The incidence of myopia is constantly on the rise. Patients of high myopia and pathological myopia are young and can lose vision due to a number of degenerative changes occurring at the macula. With the emergence of new technologies such as swept-source optical coherence tomography (OCT) and OCT angiography, our understanding of macular pathology in myopia has improved significantly. New conditions such as myopic traction maculopathy have been defined. Early, noninvasive detection of myopic choroidal neovascularization and its differentiation from lacquer cracks is possible with a greater degree of certainty. We discuss the impact of these new exciting and promising technologies and management of macular pathology in myopia. Incorporation of OCT in the microscope has also improved macular surgery. New concepts such as fovea-sparing internal limiting membrane peeling have emerged. A review of literature and our experience in managing all these conditions are discussed.

  9. The suprastructure of the saccular macula

    Science.gov (United States)

    Ross, Muriel D.; Komorowski, Thomas E.; Donovan, Kathleen M.; Pote, Kenneth G.

    1987-01-01

    The ultrastructure of the rat's macular end organ was examined. Primary fixatives containing 4 or 8 percent tannic acid (with 1 hr fixation time) were found to be optimal for preserving the macular suprastructure from the macular surface to the otoconia. In agreement with observations of other workers, the suprastructure of the macular end organ showed two kinds of filamentous material of different organization: the material which supports the otoconia, the 'otoconial membrane', and the filamentous material, the 'supramacular substance'. However, in contrast to earlier reports, the fluid-filled channels around the stereociliary tufts and a slitlike space immediately above the macula were found to be artefacts of tissue preparation. The results were confirmed in decalcified samples.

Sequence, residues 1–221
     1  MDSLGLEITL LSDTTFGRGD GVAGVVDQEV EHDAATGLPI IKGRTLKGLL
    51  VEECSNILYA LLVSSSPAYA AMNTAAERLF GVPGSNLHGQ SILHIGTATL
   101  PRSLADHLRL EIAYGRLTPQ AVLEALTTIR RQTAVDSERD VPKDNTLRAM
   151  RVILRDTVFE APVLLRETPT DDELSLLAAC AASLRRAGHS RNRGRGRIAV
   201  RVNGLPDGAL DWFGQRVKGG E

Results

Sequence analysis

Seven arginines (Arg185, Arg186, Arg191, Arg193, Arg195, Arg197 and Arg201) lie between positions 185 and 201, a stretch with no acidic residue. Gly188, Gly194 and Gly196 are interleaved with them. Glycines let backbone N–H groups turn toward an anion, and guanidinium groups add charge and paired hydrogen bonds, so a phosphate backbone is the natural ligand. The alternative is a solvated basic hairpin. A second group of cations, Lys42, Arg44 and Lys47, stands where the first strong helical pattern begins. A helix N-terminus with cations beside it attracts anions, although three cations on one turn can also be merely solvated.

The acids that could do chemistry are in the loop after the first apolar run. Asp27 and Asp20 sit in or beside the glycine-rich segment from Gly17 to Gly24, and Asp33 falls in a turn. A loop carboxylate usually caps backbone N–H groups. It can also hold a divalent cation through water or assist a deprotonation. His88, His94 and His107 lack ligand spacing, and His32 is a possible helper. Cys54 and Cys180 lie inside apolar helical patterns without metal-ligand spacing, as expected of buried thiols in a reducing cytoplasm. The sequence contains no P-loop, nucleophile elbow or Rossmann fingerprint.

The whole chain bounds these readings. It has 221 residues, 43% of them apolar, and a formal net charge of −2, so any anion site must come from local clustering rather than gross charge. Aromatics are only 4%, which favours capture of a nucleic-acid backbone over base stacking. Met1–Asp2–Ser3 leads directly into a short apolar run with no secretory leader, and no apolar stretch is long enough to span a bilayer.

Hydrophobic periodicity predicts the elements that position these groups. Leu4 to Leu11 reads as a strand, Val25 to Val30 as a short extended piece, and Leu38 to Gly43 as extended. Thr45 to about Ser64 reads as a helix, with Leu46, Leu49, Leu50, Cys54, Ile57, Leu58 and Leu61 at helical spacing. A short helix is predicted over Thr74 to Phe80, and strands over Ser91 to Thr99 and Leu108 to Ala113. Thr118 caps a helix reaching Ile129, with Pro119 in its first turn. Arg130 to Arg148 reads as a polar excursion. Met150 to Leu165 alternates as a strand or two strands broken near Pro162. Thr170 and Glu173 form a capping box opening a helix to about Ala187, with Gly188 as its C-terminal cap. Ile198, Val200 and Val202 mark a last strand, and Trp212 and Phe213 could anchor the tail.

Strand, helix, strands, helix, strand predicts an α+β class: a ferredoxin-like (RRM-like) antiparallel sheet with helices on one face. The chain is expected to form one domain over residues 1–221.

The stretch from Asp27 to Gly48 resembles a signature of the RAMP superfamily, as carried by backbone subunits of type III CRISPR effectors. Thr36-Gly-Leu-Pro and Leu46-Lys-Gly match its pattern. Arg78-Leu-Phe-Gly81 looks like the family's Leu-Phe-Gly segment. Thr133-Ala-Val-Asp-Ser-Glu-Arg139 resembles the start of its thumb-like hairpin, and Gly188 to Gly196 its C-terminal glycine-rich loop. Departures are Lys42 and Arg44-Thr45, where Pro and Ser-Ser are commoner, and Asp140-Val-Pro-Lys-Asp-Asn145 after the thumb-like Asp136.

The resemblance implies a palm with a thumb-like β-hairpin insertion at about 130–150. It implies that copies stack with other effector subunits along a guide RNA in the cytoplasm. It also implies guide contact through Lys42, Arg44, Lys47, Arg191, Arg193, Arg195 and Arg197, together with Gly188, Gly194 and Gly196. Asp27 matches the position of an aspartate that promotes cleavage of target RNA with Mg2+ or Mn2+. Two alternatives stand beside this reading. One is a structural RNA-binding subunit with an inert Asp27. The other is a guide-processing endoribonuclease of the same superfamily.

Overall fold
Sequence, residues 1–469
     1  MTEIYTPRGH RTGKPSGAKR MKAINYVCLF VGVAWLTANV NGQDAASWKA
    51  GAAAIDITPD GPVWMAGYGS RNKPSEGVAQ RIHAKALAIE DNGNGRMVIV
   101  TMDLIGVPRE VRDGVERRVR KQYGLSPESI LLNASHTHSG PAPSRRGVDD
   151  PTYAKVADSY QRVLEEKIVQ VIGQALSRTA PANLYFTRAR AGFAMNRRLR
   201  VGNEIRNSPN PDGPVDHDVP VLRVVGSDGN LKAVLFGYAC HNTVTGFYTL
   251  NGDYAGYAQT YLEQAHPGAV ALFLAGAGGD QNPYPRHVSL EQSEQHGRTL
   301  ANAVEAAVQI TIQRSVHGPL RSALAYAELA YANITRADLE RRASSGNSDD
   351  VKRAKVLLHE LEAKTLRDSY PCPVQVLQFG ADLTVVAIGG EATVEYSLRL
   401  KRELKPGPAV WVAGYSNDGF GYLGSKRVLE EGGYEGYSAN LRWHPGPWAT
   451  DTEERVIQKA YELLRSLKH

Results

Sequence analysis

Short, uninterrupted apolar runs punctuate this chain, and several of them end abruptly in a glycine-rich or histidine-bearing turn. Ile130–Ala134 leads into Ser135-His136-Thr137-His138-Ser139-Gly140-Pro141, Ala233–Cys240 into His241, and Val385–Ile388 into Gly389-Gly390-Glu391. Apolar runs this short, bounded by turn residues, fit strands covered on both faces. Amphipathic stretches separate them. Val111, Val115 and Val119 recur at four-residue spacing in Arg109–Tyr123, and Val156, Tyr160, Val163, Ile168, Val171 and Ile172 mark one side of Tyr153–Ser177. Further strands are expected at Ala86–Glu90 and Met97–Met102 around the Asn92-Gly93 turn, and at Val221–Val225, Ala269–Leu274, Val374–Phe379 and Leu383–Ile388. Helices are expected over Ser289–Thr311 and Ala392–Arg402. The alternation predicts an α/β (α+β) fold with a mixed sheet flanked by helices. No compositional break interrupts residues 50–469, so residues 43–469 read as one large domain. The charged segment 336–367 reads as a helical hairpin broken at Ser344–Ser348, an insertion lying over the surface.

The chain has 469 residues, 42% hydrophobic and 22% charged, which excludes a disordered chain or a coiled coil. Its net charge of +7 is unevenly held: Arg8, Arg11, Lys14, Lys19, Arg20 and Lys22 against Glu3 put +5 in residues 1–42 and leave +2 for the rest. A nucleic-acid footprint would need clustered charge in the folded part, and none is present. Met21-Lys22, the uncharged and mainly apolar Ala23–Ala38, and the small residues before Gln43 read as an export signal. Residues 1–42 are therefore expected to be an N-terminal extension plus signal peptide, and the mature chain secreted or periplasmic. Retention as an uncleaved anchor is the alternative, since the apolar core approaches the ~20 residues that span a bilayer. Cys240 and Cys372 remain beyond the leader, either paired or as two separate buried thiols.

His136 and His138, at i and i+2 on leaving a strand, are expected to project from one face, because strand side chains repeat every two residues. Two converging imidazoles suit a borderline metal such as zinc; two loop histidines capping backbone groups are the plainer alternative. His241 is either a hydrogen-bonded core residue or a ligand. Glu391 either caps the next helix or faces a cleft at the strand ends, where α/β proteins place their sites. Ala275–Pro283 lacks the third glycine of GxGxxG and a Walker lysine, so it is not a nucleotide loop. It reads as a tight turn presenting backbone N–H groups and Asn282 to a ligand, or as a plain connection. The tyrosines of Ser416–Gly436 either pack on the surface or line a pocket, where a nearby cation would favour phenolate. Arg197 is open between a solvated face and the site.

10. Macula-On Versus Macula-Off Pseudophakic Rhegmatogenous Retinal Detachment Following Primary 23-Gauge Vitrectomy Plus Endotamponade.

    Science.gov (United States)

    Rezar, Sandra; Sacu, Stefan; Blum, Robert; Eibenberger, Katharina; Schmidt-Erfurth, Ursula; Georgopoulos, Michael

    2016-04-01

    To evaluate anatomical and functional outcomes of macula-on and macula-off rhegmatogenous retinal detachment (RRD) after 23-gauge vitrectomy and gas endotamponade, in eyes after successful cataract surgery. Forty-six pseudophakic eyes of 46 consecutive patients who underwent surgery for RRD repair were included. Based on the severity degree and extension of the RRD, diluted C3F8, SF6 or C2F6 gases were used for endotamponade. Patients were followed 1 month, 3 months, 6 months and 12 months after surgery. Main outcome variables were functional and anatomic outcomes till 12 months after surgery. Proliferative vitreoretinopathy of grade B or C was observed in 43%. C3F8 was used in 59%, SF6 in 28% and C2F6 in 13%. Reattachment after the first intervention was achieved in 89%. Preoperatively, 63% of patients presented with fovea-off retinal detachment. No intraoperative complications were registered. Preoperatively, eyes with macula-on RRD had a logMar BCVA of 0.3 ± 0.6 compared with 1.2 ± 0.7 in the macula-off group (p = 0.01). The mean visual acuity significantly improved to 0.06 ± 0.1 logMar in macula-on eyes and to 0.2 ± 0.3 logMar in macula-off eyes at 12 months (p = 0.01 compared to baseline and p = 0.04 between both the groups). The mean final postoperative CRT was 318 ± 48 µm in the macula-on group compared with 305 ± 71 µm in the macula-off group (p = 0.5). Even morphological improvement after 23-gauge vitrectomy and gas endotamponade was comparable between macula-on and macula-off eyes, macula-off RRDs showed delayed visual rehabilitation. Both groups showed significant visual acuity improvement until 12 months, however, macula-on RRDs showed significantly more improvement than macula-off RRDs.

  11. Age-related changes in the macula. A histopathological study of fifty Indian donor eyes

    OpenAIRE

    Biswas Jyotirmay; Raman Rajiv

    2002-01-01

    PURPOSE: Age-related macular degeneration (ARMD) is clinically less common in India compared to the West. Therefore, clinicians are unfamiliar with histopathologic evidence of age-related macular changes in the Indian population. METHODS: Fifty consecutive human donor eyes removed for corneal grafting were studied for gross, microscopic and histochemical features of age-related changes in the macula in the Indian population. A horizontal block was cut from the globe including the optic disc, ...

  12. Characterization of the macula densa stimulus for renin secretion

    DEFF Research Database (Denmark)

    Lorenz, J N; Weihprecht, H; Schnermann, J

    1990-01-01

    These studies utilize the isolated perfused rabbit juxtaglomerular apparatus (JGA) to study the macula densa signal for renin secretion in the absence of the confounding influences of intravascular pressure and renal nerve activity. In the first experimental series, JGAs were perfused alternately...... and decreases in macula densa NaCl concentration, and these changes are rapid and largely reversible, 2) the full renin response occurs within the concentration range normally occurring at the macula densa, i.e., below 80 mM Na+ and 61 mM Cl-, and 3) RSR responds with a larger change to alterations in Na...